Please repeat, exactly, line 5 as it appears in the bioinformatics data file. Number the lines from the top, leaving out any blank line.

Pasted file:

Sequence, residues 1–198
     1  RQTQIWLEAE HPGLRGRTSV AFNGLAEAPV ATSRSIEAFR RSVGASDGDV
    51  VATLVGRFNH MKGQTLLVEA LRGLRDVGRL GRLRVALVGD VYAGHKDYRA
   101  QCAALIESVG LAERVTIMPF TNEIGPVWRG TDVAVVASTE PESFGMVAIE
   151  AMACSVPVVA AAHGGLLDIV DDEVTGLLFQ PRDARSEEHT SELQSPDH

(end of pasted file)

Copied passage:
   151  AMACSVPVVA AAHGGLLDIV DDEVTGLLFQ PRDARSEEHT SELQSPDH